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Tool Predicts Fatal Construction Mishaps

Monday, August 22, 2016

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The Construction Industry Institute is touting a new tool for predicting, and reducing the risk of, deadly accidents in the construction industry.

CII’s Research Team 321, led by Gregg Slintak, of Consolidated Edison Company of New York, announced earlier this month the results of its look into using precursor analysis in order to predict what it calls high-impact events—fatal accidents and “high energy” near-misses.

Slintak and a team of panelists discussed the methodology at the Institute’s annual meeting in early August.

Injuries Down, Fatalities Up

At the root of the question, the Engineering News-Record reports, is that, while improved practices have cut the rate of on-the-job injuries in recent years, fatalities have in fact become more common.

Construction site
© iStock.com / thodonal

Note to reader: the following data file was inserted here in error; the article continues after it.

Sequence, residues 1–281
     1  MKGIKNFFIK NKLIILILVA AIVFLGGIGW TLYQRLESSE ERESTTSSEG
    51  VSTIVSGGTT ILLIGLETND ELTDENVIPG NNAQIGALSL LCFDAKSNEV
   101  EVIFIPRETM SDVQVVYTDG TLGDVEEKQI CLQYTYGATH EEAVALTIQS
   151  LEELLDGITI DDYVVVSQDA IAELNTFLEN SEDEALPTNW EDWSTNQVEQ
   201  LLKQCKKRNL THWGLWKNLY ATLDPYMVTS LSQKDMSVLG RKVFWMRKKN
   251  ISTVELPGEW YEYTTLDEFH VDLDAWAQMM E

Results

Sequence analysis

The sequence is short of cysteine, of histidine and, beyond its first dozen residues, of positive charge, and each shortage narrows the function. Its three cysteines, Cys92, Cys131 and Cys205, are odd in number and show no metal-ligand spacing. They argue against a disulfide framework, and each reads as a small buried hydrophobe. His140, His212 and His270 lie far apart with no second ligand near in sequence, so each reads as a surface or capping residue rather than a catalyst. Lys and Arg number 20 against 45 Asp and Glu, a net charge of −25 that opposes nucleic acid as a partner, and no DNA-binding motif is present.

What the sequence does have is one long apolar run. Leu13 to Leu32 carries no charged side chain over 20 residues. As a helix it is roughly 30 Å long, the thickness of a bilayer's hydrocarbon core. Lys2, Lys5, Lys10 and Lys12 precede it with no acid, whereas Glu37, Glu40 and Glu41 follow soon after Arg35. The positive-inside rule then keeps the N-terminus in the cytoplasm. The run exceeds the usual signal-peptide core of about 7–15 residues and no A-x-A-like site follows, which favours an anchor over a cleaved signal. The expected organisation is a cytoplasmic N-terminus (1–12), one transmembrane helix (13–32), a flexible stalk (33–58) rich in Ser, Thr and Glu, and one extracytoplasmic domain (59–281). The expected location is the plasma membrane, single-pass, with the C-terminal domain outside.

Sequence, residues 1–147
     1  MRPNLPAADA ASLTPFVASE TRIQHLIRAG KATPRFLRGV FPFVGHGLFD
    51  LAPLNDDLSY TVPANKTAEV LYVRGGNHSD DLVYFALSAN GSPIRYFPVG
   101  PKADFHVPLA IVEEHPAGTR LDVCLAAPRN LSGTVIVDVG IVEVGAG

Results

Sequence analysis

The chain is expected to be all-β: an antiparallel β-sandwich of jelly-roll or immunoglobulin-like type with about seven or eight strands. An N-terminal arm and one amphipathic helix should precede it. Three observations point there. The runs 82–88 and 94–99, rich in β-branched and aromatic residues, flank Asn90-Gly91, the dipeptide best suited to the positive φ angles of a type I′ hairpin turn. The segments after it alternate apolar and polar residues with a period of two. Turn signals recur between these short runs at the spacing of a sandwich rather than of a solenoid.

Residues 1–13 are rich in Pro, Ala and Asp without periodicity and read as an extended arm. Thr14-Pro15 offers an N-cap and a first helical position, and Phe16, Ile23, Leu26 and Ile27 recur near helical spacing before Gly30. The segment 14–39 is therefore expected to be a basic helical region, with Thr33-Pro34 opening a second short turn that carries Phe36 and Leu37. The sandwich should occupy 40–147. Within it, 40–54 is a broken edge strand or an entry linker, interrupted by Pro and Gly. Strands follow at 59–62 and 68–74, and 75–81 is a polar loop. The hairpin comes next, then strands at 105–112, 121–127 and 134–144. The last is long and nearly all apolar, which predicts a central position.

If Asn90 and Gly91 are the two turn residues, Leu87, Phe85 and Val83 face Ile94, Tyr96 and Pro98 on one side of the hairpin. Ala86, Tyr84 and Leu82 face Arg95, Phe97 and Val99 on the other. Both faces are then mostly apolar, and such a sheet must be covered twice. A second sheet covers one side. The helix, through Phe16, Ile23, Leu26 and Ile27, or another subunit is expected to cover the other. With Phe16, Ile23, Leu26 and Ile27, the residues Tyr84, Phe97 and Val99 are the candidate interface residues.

CII's new tool uses precursor analysis in order to predict what it calls high-impact events—fatal accidents and “high energy” near-misses.

The ENR reports that Slintak and his team underlined 16 common factors that tend to go before a high-impact incident. They center around things like poor planning, operating in a rush, and failing to keep workers aware of proper procedures.

The Tool

The research team produced a precursor analysis tool that is available to CII members; the organization calls it “the construction industry’s first valid and reliable method for identifying leading conditions that predict [high-impact, low-frequency] events.”

The team holds that finding predictive factors is “far more difficult than conducting a retrospective root-cause analysis,” and that “mathematical models provide a valid, reliable and objective method for predicting the occurrence of HILF events.”

CCI is offering a predictive scorecard that it developed from the research, in addition to a research summary, available for download to CII members.


Tagged categories: Accidents; Construction; Contractors; Health and safety; Safety

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